Etymology
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windmill (n.)
c. 1300, from wind (n.1) + mill (n.). Similar formation in German Windmühle, Dutch windmolen, French moulin à vent. Verb meaning "to swing the arms wildly" is recorded from 1888. Related: Windmilled; windmilling.
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treadmill (n.)

invented (and named) 1822; originally an instrument of prison discipline; from tread (v.) + mill (n.1). Treadwheel as a similar method of driving machinery is from 1570s.

As a corrective punishment, the discipline of the stepping mill has had a most salutary effect upon the prisoners, and is not likely to be easily forgotten, while it is an occupation which by no means interferes with, nor is calculated to lessen the value of, those branches of prison regulation which provide for the moral and religious improvement of the criminal. ["Description of the Tread Mill Invented by Mr. William Cubitt of Ipswich for the Employment of Prisoners," London, 1822]

By later generations regarded as a path to physical fitness.

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*mele- 

*melə-, Proto-Indo-European root meaning "to crush, grind," with derivatives referring to ground or crumbling substances and crushing or grinding instruments.

It forms all or part of: amyl; amyloid; blintz; emmer; emolument; immolate; maelstrom; mall; malleable; malleolus; mallet; malleus; maul; meal (n.2) "edible ground grain;" mill (n.1) "building fitted to grind grain;" millet; mola; molar (n.); mold (n.3) "loose earth;" molder; ormolu; pall-mall.

It is the hypothetical source of/evidence for its existence is provided by: Hittite mallanzi "they grind;" Armenian malem "I crush, bruise;" Greek mylos "millstone," myle "mill;" Latin molere "to grind," mola "millstone, mill," milium "millet;" Old English melu "meal, flour;" Albanian miel "meal, flour;" Old Church Slavonic meljo, Lithuanian malu, malti "to grind;" Old Church Slavonic mlatu, Russian molotu "hammer."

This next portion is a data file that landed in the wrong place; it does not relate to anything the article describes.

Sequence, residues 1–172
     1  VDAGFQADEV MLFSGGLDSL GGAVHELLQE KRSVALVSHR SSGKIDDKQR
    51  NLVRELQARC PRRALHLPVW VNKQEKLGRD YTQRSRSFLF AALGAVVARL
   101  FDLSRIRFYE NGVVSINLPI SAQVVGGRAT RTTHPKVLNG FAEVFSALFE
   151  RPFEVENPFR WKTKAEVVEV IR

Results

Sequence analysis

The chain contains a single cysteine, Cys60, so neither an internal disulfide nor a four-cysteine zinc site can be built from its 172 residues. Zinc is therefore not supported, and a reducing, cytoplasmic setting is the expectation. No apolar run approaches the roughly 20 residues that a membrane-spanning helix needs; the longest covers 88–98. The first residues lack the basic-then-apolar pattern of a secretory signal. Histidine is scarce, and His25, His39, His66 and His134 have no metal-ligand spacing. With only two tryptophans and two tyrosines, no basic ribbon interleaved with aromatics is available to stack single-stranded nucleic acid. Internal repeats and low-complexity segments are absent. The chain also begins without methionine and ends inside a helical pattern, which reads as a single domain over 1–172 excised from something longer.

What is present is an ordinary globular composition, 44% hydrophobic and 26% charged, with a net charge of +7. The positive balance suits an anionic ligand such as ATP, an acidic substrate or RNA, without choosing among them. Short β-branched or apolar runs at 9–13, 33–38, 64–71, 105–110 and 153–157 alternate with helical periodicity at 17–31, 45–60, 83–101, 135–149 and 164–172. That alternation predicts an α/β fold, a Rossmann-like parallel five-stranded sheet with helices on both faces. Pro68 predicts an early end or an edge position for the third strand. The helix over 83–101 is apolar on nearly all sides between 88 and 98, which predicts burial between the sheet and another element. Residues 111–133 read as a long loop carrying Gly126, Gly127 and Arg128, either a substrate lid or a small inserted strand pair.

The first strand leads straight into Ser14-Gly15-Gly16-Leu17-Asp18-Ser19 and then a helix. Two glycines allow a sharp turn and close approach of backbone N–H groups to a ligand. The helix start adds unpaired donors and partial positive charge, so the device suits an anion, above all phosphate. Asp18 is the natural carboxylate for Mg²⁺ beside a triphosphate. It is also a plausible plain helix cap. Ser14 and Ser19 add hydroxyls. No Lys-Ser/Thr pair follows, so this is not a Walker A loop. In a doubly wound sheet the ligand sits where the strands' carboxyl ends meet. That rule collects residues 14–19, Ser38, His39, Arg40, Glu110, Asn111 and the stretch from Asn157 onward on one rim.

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quern (n.)

"small mill for grinding" (grain, pepper, mustard, etc.),  Middle English querne, from Old English cweorn "hand-mill, mill," from PIE *gwere-na- "millstone" (source also of Old Norse kvern, Old Frisian quern, Old High German quirn, Gothic quirnus; Sanskrit grava "crushing stone;" Lithuanian girna "millstone," girnos "hand mills;" Old Church Slavonic zrunuvi "mills;" Welsh brevan "hand mill"), suffixed form of root *gwere- (1) "heavy."

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fulling (n.)
early 15c. (in fulling mill), verbal noun from full (v.).
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raison d'etre (n.)

"excuse for being," 1864, first recorded in letter of J.S. Mill, from French raison d'être, literally "rational grounds for existence."

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self-reliance (n.)

"reliance on one's own power and abilities," 1833 (J.S. Mill), from self- + reliance. Self-dependence, "reliance on oneself, with a feeling of independence," is attested by 1759; self-dependent is from 1670s.

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amyl (n.)
hydrocarbon radical, 1850 (amyle), from Latin amylum "starch," from Greek amylon "fine meal, starch," noun use of neuter of adjective amylos "not ground at the mill," that is, "ground by hand," from a- "not" (see a- (3)) + myle "mill" (from PIE root *mele- "to crush, grind"). So called because first obtained from the distilled spirits of potato or grain starch (though it also is obtained from other sources). In 16c. English amyl meant "starch, fine flour."
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pedantocracy (n.)

"supremacy or power of bookish theorists," 1842, from pedant + -cracy "rule or government by," with connecting vowel. Coined (in French) by Mill in a letter to Comte.

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connotative (adj.)

1610s, "pertaining to connotation," from Medieval Latin connotativus, from past-participle stem of connotare "to signify in addition to the main meaning;" see connotation. Meaning "implying an attribute while denoting a subject" is from 1829 (J.S. Mill).

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